If the traditional healer is to be believed, Jenny’s sons are two of the 177 babies eaten by the so-called crocodile and the rest of species from 2004 to 2008.

According to the NDHS, 94 cases of these deaths are stillbirths, or occurred after the first seven months of life had been completed. The eighty-three remaining cases happened from the time of delivery to the first seven days of life, classified as early neonatal death.

This means 28 out of 1,000 pregnancies in the Philippines ends with a dead baby. This rate is higher than that of the previous survey, where perinatal death or early infant mortality had a rate of 24 for every 1,000.

The survey also showed that perinatal death happens more often in rural areas (32 out of 1,000) than in urban areas (22 out of 1,000). Women who come from poor families also have greater risk of perinatal death, a rate of 37 for every 1,000 pregnancies. Their counterparts in the other end of the wealth spectrum are almost four times less prone to having perinatal death (10 for every 1,000).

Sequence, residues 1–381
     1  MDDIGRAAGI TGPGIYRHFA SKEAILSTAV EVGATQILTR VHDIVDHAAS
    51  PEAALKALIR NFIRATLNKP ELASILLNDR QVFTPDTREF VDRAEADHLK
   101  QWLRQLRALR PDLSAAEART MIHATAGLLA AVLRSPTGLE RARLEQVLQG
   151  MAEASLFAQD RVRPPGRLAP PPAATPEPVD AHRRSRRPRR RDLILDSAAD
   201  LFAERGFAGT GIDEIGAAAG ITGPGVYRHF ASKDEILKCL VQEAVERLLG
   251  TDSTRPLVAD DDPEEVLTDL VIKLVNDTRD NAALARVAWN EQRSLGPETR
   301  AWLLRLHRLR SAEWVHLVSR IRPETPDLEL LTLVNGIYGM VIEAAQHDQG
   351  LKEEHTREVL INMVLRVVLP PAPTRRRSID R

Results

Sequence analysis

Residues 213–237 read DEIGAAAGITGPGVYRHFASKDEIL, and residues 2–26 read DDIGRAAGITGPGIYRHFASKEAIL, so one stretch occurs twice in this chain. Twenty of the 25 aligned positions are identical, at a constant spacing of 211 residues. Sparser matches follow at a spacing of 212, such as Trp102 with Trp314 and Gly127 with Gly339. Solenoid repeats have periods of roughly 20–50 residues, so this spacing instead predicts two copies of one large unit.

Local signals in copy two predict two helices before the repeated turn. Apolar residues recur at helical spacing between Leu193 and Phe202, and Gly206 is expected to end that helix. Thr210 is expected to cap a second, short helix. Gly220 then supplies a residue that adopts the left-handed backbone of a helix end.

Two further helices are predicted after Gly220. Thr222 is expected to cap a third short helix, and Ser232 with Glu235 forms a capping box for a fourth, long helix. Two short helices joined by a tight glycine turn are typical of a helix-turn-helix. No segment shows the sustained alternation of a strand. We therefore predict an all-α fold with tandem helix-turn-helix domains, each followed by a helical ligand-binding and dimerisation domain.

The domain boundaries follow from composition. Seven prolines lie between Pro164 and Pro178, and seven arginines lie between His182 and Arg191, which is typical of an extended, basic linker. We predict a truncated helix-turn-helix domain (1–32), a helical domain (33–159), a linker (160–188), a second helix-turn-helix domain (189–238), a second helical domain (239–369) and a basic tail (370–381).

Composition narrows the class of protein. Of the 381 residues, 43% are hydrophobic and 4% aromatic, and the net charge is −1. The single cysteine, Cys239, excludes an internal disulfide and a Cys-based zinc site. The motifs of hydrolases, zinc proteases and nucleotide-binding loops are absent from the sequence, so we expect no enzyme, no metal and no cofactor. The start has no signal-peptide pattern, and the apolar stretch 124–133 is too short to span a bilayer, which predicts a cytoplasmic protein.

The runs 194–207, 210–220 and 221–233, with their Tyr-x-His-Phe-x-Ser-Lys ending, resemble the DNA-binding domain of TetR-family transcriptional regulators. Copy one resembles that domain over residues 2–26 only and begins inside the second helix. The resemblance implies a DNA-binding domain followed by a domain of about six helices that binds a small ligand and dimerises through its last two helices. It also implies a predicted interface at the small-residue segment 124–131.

While the presence of the crocodile in Jenny’s palm meant the lives of her two sons, for a large number of Filipino women, it cost them their own lives. Data from the United Nations Children’s Emergency Fund show that for every 100,000 deliveries, 230 women die. This number has set off alarm bells for concerned agencies such as the UN Forum for Poverty Alleviation (UNFPA) which deems it very high compared to those of neighboring countries. Thailand has listed 110 deaths for every 100, 000; Malaysia, 62; and Singapore, 14.